The Patrolmen’s Benevolent Association, the most prominent union representing New York City police officers, made headlines after the murder of NYPD officers Wenjian Liu and Rafael Ramos when union leader Patrick Lynch said that city Mayor Bill de Blasio was partly responsible for the killings:
“There is blood on many hands, from those that incited violence under the guise of protest to try to tear down what police officers did every day,” Mr. Lynch said.
“That blood on the hands starts on the steps of city hall in the office of the mayor.”
De Blasio has said recently that New York’s officers need to improve their relationships with the communities they serve, though he has (needless to say) not called for violence against police. (He also condemned the murders of Liu and Ramos as an attack upon “the very foundation of our society.”) De Blasio is probably not surprised by Lynch’s comments, though: the union has attacked at least the last four New York mayors, including law-and-order Republican Rudy Giuliani, in similarly aggressive fashion. Former New York Times reporter David Firestone highlighted the PBA’s history in a series of tweets today:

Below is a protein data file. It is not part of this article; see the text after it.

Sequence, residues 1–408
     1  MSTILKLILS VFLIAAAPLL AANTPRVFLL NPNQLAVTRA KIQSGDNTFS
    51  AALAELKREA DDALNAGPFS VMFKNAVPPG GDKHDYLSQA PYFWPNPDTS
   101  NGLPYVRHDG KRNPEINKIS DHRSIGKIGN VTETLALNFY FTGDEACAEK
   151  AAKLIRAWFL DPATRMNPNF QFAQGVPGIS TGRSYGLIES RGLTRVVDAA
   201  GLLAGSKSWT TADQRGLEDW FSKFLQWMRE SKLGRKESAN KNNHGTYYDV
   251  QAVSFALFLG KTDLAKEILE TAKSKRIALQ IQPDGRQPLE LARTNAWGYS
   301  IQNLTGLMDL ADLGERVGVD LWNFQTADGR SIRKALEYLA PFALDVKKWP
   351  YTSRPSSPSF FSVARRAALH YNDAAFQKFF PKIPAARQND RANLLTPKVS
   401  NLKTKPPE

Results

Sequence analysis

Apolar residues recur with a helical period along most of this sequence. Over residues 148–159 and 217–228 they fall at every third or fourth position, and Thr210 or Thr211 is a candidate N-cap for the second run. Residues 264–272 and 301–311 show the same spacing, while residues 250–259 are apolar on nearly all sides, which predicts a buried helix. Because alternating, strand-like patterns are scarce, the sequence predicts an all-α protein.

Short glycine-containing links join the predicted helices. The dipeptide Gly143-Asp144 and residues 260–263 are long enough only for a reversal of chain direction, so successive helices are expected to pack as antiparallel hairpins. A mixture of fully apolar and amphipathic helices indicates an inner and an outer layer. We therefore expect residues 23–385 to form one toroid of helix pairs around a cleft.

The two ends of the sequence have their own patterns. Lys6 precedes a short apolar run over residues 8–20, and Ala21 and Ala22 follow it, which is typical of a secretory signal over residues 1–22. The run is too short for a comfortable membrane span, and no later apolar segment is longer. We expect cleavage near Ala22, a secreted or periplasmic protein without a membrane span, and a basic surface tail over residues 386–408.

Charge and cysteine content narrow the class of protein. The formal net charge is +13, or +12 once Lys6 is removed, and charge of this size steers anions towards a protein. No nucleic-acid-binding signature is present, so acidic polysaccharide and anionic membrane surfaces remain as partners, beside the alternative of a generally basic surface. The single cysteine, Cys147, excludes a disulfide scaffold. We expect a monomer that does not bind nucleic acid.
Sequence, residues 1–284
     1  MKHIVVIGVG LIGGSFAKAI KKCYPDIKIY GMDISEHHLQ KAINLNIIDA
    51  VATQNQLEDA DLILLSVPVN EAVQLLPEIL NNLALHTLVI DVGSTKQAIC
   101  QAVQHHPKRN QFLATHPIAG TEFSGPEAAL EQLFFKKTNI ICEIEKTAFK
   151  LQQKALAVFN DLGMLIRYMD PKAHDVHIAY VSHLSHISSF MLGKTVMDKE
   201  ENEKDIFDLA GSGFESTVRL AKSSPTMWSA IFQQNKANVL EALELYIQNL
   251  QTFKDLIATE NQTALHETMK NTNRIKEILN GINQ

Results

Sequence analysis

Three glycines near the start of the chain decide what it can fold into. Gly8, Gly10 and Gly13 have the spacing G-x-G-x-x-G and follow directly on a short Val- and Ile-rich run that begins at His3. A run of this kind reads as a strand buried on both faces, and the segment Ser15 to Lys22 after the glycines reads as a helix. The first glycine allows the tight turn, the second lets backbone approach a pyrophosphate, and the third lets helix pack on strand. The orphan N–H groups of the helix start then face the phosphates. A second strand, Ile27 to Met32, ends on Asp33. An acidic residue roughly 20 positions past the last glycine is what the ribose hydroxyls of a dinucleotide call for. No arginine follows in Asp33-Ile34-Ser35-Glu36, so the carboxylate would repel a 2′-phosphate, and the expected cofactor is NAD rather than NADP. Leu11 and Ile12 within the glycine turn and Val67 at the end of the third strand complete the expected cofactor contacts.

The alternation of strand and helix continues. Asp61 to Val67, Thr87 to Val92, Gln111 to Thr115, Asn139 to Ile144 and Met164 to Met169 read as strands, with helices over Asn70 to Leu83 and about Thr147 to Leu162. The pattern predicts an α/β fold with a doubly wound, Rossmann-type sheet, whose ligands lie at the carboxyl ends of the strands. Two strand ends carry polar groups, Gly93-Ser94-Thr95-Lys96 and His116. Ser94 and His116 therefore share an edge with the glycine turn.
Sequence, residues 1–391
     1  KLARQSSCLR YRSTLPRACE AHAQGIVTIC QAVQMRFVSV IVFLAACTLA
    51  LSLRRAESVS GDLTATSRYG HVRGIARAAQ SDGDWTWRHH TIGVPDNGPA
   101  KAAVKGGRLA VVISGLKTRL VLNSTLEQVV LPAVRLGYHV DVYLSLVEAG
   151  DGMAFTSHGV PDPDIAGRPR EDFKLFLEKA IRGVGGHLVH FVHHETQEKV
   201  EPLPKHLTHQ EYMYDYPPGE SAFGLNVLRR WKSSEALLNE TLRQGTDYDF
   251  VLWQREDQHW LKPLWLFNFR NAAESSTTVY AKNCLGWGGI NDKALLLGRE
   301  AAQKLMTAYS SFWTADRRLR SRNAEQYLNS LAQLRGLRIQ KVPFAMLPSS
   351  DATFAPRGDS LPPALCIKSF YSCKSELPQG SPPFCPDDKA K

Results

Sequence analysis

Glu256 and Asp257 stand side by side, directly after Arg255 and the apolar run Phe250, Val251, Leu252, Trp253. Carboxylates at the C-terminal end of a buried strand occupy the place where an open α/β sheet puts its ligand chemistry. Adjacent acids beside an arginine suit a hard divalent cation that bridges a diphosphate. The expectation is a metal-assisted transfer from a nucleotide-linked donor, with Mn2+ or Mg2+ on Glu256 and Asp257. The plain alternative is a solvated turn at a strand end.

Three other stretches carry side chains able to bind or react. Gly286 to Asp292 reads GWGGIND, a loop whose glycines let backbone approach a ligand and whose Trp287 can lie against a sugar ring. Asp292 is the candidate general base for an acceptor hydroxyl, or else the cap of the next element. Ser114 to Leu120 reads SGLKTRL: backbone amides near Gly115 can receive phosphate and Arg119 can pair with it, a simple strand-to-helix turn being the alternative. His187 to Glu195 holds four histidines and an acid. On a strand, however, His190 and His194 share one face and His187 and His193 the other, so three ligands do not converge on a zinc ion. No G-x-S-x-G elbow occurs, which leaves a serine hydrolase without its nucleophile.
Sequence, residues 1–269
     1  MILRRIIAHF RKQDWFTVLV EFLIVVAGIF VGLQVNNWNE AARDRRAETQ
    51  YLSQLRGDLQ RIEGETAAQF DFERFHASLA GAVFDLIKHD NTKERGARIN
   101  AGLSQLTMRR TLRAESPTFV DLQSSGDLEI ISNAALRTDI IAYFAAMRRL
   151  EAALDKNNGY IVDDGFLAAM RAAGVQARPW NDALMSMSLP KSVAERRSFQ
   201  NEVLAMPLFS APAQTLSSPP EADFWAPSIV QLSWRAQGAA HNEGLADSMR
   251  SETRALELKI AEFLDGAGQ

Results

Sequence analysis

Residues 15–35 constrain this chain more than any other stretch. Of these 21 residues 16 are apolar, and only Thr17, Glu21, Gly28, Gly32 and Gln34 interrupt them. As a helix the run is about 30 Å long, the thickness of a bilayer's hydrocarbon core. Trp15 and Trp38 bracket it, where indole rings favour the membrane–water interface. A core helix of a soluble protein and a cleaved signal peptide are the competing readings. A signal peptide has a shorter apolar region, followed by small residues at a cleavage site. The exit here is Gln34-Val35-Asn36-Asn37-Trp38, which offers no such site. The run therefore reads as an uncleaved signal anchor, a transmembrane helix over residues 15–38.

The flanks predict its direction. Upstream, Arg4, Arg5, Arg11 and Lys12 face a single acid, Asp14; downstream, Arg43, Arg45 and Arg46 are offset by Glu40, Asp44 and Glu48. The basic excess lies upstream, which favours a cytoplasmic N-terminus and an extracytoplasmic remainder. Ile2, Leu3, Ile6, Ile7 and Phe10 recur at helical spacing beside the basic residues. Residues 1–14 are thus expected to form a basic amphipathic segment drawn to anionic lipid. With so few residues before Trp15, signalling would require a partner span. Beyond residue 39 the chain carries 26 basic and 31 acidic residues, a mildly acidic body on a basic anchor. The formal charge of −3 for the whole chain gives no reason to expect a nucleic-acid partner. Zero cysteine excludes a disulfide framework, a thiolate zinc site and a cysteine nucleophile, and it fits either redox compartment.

The past Times pieces Firestone links to describe:
- Off-duty officers attending a 1992 rally against Democrat David Dinkins who were seen “jumping barricades,” “tramping on automobiles,” and stopping traffic on the Brooklyn Bridge.
- The 1997 circulation of a flier (which was not officially union-endorsed) that officers could sign to request that Giuliani not attend their funerals if they were killed in the line of duty. The mayor was engaged in a contract disupte with police and some union leaders had been indicted for racketeering by federal prosecutors; the Times wrote that “many police officers” believed Giuliani orchestrated the indictments. In 1996, the union’s leader at the time had said the mayor “certainly doesn’t enjoy the support of the PBA.” (In 2007, when Giuliani was running for president, Patrick Lynch said the PBA “could never support Rudy Giuliani for any elected office.”)
- Officers picketing Republican Michael Bloomberg’s home at 1 a.m. in what the Times described as a “noisy” protest and Bloomberg described as “yelling and screaming.”
The inflammatory rhetoric directed at de Blasio by Lynch, it seems, is part of a long tradition—one that we should expect to continue even if de Blasio is eventually replaced by a politician of a different ideological disposition.